Course Content and Outcome Guide for PS 201
- Posted by:
- Curriculum Office
- Course Number:
- PS 201
- Course Title:
- US Govt:Foundation/Principles
- Credit Hours:
- Lecture hours:
- Lecture/Lab hours:
- Lab hours:
- Special Fee:
Course DescriptionExamines the development of constitutional traditions in the United States. Includes topics such as free speech, equal rights under law, movements, interest groups, political parties, and elections in a democratic struggle for power. PS 201, 202, and 203 need not be taken in sequence. Prerequisites: WR 115, RD 115 and MTH 20 or equivalent placement test scores. Audit available.
Addendum to Course Description
Credits from this course qualify for general education purposes at Portland Community College and may be applied toward satisfying Associates Degrees at Portland Community College .
Courses with three digit numbers may be transferable to four year colleges and universities. Students should consult with a PCC Academic Advisor and/or other institutions regarding transferability and application of credit to other institutions.
Intended Outcomes for the course
Upon successful completion students should be able to:
1. Apply an understanding of diversity of human experience and culture in relationship to how we think and interact with others with regards to
political movements, interest groups , political parties and other political entities in the United States.
2. Employ different methods of inquiry and analytical skills to conceptually organize experiences and discern meaning from ongoing study of U. S.
Constitutional traditions and practices.
3. Analyze the roles of individuals and political institutions as these relate to contemporary problems and issues including the Bill of Rights, and
equal rights under the law.
4. Use the ability to reason quantitatively and qualitatively using analytical skills expressed in both written and oral communication to address
political problems in the United States.
5. Develop and articulate personal value judgments, respecting points of view, while practicing ethical and social requirements of responsible citizenship
by participating in elections, and other opportunities for action in a democratic society.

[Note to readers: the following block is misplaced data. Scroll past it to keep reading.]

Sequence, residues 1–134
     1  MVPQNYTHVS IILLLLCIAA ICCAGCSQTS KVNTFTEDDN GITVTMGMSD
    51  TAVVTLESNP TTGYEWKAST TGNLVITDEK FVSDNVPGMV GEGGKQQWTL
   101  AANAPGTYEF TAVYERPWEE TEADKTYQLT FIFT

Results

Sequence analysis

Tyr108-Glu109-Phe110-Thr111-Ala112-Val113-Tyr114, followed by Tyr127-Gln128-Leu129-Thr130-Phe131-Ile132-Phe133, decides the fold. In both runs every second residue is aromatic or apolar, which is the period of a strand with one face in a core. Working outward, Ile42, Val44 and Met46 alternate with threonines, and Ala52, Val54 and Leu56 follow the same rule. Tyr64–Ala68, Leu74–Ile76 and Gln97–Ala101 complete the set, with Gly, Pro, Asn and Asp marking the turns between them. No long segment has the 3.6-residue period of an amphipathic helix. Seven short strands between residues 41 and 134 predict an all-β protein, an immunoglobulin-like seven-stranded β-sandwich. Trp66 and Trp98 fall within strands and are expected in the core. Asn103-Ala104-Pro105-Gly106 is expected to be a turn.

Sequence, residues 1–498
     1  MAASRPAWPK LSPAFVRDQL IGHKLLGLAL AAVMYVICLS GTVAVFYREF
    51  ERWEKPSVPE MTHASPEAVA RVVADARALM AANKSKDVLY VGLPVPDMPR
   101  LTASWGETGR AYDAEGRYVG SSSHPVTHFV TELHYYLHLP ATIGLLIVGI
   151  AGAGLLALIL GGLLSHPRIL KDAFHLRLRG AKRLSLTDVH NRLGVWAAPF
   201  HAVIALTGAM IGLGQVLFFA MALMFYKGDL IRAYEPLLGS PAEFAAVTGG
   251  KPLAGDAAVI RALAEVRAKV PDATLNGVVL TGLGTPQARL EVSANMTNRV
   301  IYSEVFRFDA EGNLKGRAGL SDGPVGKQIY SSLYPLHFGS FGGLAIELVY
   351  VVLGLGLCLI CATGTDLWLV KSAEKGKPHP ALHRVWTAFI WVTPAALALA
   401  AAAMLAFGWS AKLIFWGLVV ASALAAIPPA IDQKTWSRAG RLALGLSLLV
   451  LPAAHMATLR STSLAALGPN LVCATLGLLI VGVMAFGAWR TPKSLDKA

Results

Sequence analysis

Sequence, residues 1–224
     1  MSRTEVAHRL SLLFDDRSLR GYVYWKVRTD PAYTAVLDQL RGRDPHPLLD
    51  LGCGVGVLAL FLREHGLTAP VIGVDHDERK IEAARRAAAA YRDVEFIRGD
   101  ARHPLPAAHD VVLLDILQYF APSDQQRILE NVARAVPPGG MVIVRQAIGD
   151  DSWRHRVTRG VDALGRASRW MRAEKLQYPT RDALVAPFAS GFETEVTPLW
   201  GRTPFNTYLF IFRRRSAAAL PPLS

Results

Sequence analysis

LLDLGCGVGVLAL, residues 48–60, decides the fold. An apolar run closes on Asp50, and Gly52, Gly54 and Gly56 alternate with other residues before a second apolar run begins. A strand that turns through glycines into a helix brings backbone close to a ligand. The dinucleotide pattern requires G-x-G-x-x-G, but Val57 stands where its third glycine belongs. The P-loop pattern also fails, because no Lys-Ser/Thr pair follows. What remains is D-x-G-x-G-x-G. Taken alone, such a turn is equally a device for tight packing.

Course Content (Themes, Concepts, Issues and Skills)
Themes, Concepts, and Issues
- Constitutional government
- Elitist and pluralist theories
- How federalism works and its implications for national/state relations
- Rights and responsibilities associated with the Bill of Rights and the major court decisions that have affected these rights.
- Current Supreme Court cases related to this portion of the course
- Equal Rights under the law, Due Process, 14 th Amendment
- The consequences of the Patriot Act
- Major elements of American political culture, political socialization
- The role of interest groups, money and the media in politics
- Impact of new campaign finance laws, voting problems
- how political parties are organized and how they operate in the US
- how public opinion and political participation are manifested in this country
- the major elements of campaigning and elections
- Add relevant videos
Competencies and Skills
- Students should develop the following skills:
- Support generalizations/arguments with examples or evidence
- Accurately articulates ideas in written and oral presentation
- Articulates original applications and synthesis of academic theories/frameworks, supporting them by citing valid sources.
- Demonstrates knowledge of political system in written and oral work
- Critiques own assumptions and those of others, validating them with substantial thinking and application of appropriate arguments.
- Use of standard research techniques and acceptable formats in written work and oral presentations
Choice of texts is at the discretion of each course instructor. However, successful past offerings of this course and a desire to have some continuity of pedagogy among the faculty has encouraged the adoption of the following text—thereby encouraging students to complete the entire PS 201, 202, 203 sequence using the same textbook.
Edwards, Wattenberg, Lineberry . Government In America, People, Politics and Policy, 12 th edition or later. (Pearson/Longman)
Minimum of an M.A. in Political Science with graduate coursework, teaching experience, or field work directly related to this specific course. Consultation with full-time continuous contract Political Science SACC faculty regarding part-time faculty hiring decisions is expected as a matter of basic professional courtesy.